Sunday, June 5, 2011

party at the top of the hill

it's arrived: biking season, when everyone starts pedaling up the canyons again, when the air feels great and the sun is making its presence known more consistently but not yet aggressively.
the time when I huff and puff my way up the canyon and just as I begin to crest that last little rounded hill I can see a cycling-gear-clad body standing by their bike, then another straddling their bike, then another and another . . . it's the party at the top of the hill.

I have teenagers. which means if one of them is home, music is playing in my house. one of the current favorites is by All Time Low, with a chorus that states, everybody knows there's a party at the end of the world.
catchy tune. catchy phrase.
and now I sing to myself, everybody knows there's a party at the top of the hill.

sometimes there are a dozen, bikes leaning against the battered guard rail, people clustered in threes and fours, all in differing stages of rest/recovery/refueling/connecting. some moving onward to the next hill, some heading back down, some depleted, some barely beginning to warm up for their longer journey.

and we all climbed the hill, pushing our bodies and bikes up, up this reasonable grade, up toward the place the party gathers, the peak, the summit, the goal.
it's an accomplishment.
greater for some than for others: huge in significance for the first-timer, merely one leg of a longer ride for someone training for an event, just a quick sprint for a professional cyclist.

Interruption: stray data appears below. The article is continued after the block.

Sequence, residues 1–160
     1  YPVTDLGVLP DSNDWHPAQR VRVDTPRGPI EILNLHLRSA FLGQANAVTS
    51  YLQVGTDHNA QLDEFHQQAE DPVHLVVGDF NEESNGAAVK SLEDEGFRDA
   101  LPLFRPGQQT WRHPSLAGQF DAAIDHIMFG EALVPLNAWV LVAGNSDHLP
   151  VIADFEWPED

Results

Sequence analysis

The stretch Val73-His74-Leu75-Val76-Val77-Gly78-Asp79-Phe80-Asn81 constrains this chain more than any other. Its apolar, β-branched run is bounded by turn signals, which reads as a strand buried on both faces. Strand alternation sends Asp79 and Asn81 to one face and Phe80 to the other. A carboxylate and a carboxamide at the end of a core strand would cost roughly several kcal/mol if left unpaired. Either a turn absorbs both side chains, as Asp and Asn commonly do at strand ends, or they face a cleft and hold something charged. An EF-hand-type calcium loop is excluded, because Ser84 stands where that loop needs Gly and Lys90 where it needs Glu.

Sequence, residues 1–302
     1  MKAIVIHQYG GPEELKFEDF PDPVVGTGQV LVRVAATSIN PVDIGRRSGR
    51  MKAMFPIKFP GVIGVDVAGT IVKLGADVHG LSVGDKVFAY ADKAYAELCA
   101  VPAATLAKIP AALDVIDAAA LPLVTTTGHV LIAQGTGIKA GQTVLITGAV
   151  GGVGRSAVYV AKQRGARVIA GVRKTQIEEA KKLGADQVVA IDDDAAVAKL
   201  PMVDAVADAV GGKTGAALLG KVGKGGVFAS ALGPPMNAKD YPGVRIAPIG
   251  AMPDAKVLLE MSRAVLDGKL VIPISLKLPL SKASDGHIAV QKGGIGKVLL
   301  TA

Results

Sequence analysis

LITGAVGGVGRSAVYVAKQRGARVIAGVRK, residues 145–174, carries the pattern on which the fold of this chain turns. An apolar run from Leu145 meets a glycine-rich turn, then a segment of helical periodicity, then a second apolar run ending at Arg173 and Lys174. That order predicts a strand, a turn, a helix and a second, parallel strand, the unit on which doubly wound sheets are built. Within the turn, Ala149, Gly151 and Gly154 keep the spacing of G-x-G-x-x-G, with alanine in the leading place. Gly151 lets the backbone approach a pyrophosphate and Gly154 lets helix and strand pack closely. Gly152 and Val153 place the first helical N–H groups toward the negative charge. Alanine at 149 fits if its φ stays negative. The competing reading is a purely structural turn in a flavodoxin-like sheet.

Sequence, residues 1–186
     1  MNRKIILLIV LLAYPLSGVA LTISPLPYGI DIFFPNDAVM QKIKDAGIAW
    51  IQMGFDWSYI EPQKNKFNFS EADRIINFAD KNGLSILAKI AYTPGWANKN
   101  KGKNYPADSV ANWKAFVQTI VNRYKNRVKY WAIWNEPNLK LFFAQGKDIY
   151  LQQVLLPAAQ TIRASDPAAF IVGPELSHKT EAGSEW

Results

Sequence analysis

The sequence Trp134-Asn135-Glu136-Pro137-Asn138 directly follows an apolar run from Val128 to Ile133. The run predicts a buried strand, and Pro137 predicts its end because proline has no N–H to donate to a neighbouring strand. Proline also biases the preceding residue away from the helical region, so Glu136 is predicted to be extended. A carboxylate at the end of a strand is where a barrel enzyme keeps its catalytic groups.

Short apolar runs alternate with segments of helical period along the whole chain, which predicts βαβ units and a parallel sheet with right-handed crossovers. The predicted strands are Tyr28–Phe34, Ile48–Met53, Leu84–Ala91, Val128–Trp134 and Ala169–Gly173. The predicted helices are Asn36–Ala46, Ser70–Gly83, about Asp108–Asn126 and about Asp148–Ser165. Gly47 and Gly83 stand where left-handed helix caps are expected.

it remains, however, the top of a hill.

today I rode up big cottonwood canyon.
and I didn't make it to the party.
a rarity for me, I made it perhaps 10,000 feet short of the top before my body said nope, no more today. I rested at the second solitude ski resort entrance, lying on my back on the top of a concrete retaining wall, soaking in the sun, letting my aching muscles--from shoulders and arms and upper back to quads and hamstrings--quiver in the delight of non-movement. I was done.
no party at the top of the hill, but my own little private party acknowledging that sometimes it's okay to say enough.
there will be another day, I will feel stronger on a different day.

the party at the top of the hill will always exist, no matter who is there, no matter which hill, no matter figurative or literal.
there is always a party at the top of the hill.

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